Asian share markets were gaining in Monday trading, with some comfort from signs world leaders are acting in a more aggressive and coordinated fashion to shore up financial markets and the banking sector.
Australia's S&P/ASX 200 was 5.7% higher after falling nearly 16% last week, with financial sector stocks boosted by a government guarantee of banking deposits. New Zealand's NZX-50 reversed an early 1% fall to be up 1.7% later in the day.
Korea's Kospi Composite had added 4.1% with the stock exchange briefly halting Kospi and Kosdaq program trading. Taiwan shares were down in light trading.
In TOKYO, that market will get a break on Monday after a rocky Friday. Unlike in the U.S., where the stock market is open despite it being Columbus Day, the stock market is closed in Japan on Monday, for Health and Sports Day there.
The Nikkei Stock Average on Friday suffered its largest one-day decline since October 1987, downl 9.6% to close at 8276.43, now 24% below where it was at the beginning of the week. At one point Friday, the Nikkei was down 11%.
"We've come from the depths of despair to something which will look a lot better, and that will see some reversals off what we saw last week," said ABN Amro currency strategist Greg Gibbs .
Still, concerns remained, analysts said, with banks still reluctant to lend to each other and funds hard to come by for many companies; worries persisted as well about the health of financial institutions in various parts of the world.
"Even though [leaders around the globe have] taken steps to avert a disaster, there's still a very sharp contraction of global growth," said ANZ currency strategist Tony Morriss . "I don't think you can say we're out of the woods."
Leaders from the 15 euro-zone countries agreed to a broad set of proposals to shore up the financial system, with the plan now going to the 27 European Union states at a summit in Brussels this week; the plan would allow member states to buy stakes in ailing banks and guarantee interbank lending, among other things.
In the U.K., some of the biggest banks were expected to detail Monday their participation in a bailout plan.
Asian shares were higher despite another fall in the Dow Jones Industrial Average on Friday; the DJIA ended down 1.5% for a 18% decline over the week.
In SYDNEY, the S&P/ASX 200 was aided by the government's move to guarantee bank deposits with National Australia Bank /zigman2/quotes/208329321/composite NABZY -1.43% shares up 10%; property trusts were gaining with Westfield Group higher by 13%, while miner BHP Billiton /zigman2/quotes/208108397/composite BHP -0.66% added 6.7% despite a further fall in LME copper prices.
Goldman Sachs JBWere analysts said the index may have seen "final capitulation" selling on Friday.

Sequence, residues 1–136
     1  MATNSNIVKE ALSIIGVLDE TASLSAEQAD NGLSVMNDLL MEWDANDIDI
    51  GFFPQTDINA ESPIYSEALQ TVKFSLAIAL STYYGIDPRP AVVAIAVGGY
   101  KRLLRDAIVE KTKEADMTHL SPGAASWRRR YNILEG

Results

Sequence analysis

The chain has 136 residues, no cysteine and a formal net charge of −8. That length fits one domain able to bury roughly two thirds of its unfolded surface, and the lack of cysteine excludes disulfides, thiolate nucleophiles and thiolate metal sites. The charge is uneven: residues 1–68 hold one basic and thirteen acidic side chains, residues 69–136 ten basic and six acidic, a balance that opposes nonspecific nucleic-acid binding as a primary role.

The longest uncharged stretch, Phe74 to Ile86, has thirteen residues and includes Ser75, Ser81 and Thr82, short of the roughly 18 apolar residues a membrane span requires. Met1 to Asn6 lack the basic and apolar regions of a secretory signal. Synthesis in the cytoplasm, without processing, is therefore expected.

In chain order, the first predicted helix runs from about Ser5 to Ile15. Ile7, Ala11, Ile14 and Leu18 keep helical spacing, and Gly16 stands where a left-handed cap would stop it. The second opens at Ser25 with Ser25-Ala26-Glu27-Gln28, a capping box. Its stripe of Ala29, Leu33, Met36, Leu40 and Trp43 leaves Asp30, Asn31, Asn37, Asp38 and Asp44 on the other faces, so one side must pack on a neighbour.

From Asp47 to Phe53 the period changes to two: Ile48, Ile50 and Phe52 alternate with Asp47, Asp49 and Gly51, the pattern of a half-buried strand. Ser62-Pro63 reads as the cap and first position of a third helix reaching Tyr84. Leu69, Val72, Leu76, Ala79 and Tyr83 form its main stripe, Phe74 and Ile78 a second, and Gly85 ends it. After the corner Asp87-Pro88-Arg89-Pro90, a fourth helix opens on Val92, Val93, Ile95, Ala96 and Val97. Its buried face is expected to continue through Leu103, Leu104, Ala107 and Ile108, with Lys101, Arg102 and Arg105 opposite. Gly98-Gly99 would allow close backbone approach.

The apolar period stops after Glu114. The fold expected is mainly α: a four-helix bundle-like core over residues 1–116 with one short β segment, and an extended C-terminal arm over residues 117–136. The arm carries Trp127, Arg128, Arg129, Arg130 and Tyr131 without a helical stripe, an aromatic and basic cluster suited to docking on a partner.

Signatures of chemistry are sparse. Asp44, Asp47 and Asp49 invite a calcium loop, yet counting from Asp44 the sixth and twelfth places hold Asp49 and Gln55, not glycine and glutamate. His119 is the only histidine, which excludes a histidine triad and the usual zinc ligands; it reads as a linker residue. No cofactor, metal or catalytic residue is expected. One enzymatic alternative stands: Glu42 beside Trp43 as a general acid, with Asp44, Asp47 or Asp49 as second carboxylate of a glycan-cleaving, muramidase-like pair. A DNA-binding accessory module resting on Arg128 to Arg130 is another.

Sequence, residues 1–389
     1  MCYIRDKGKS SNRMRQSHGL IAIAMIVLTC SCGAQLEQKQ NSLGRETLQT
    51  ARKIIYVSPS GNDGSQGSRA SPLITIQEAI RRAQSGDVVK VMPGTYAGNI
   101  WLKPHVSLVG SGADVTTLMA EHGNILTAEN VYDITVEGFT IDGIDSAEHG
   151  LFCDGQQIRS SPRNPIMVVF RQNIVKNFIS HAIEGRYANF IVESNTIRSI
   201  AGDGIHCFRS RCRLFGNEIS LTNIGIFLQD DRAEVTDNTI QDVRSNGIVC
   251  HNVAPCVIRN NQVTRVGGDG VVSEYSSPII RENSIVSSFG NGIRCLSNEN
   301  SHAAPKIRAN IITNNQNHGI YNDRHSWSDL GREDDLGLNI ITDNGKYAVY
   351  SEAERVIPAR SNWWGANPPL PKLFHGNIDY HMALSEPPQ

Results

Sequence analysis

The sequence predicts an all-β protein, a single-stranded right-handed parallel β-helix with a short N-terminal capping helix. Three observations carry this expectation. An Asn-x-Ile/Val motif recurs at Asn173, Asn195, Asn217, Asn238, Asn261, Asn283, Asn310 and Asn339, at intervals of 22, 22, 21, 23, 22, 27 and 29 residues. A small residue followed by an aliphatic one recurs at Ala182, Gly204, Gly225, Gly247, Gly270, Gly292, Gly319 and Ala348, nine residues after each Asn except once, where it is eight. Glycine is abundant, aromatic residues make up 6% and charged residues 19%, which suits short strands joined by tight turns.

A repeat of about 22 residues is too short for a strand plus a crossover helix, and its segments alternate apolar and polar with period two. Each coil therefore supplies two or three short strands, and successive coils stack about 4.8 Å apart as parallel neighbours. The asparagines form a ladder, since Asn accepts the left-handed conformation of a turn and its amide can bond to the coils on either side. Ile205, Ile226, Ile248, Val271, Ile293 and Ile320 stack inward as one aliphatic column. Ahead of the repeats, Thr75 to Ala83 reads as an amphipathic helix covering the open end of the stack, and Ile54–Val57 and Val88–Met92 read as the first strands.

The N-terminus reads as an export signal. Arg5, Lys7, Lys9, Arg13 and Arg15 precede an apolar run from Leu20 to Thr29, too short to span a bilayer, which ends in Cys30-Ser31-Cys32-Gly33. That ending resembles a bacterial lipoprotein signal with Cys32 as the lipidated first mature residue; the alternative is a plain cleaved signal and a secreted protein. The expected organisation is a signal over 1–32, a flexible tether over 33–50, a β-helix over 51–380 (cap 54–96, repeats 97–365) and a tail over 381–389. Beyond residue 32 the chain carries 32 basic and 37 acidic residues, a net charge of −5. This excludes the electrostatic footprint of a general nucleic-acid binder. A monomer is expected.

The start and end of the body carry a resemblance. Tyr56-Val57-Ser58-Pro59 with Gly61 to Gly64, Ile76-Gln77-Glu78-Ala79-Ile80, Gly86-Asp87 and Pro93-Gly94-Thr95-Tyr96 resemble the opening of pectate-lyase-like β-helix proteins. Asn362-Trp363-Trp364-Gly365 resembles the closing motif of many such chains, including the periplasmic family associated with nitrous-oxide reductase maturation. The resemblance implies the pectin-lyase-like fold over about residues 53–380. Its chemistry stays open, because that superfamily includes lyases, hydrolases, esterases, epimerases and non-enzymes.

In WELLINGTON, New Zealand shares were helped by the positive lead from Australia; among active stocks, Fletcher Building /zigman2/quotes/200215142/delayed NZ:FBU +0.28% had added 4.4%.
In SEOUL, South Korean financial stocks were on the rise with Shinhan Financial /zigman2/quotes/208869909/composite SHG -1.69% up 6.1% and KB Financial adding 3.3%; steelmakers and shipbuilders also rose after recent sharp falls, with Posco /zigman2/quotes/209201002/composite PKX -1.35% higher by 3.8%.
It remains to be seen how Tokyo stocks will perform on Tuesday; much depends, of course, on how U.S. shares perform Monday. "Japan's financial markets are in total disarray," said John Richards , head of Asia research at the Royal Bank of Scotland in Tokyo. "There is a flight to cash and out of all risk assets, even bonds."
Citing sharp declines in the value of shares held for investment purposes, Yamato Life Insurance, a 97-year-old midsize insurer, made a bankruptcy filing Friday, becoming the first well-known Japanese financial institution to fall victim to the global credit crisis. That followed the collapse on Thursday of New City Investment Corp., Japan's first real-estate investment trust or REIT, to make a bankruptcy filing.
Japan's economy minister, Kaoru Yosano, stressed that Yamato's failure was an exceptional case brought on by its own financial weakness and that Japan's financial system is stable.
Still, the sharp decline in Japanese shares is a blow for Japanese banks, which have so far largely avoided critical injuries from the credit crisis.
Awash with deposits but unable to find enough corporate borrowers, many Japanese banks have invested heavily in stocks. Analysts say some banks begin to see a dent in their earnings from depreciation in these holdings when the Nikkei dips below the 10000 mark.
Among Japan's top banks, Mizuho Financial Group /zigman2/quotes/204507985/delayed JP:8411 -1.05% saw its shares fall 12% Friday, while Mitsubishi UFJ Financial Group was down 8.5%.
"Any way you look at it, stocks have fallen to deeply discounted levels," said Yoshinori Nagano , senior strategist at Daiwa Asset Management. "Now everything depends on whether the authorities can take steps to stop the fear from spreading."
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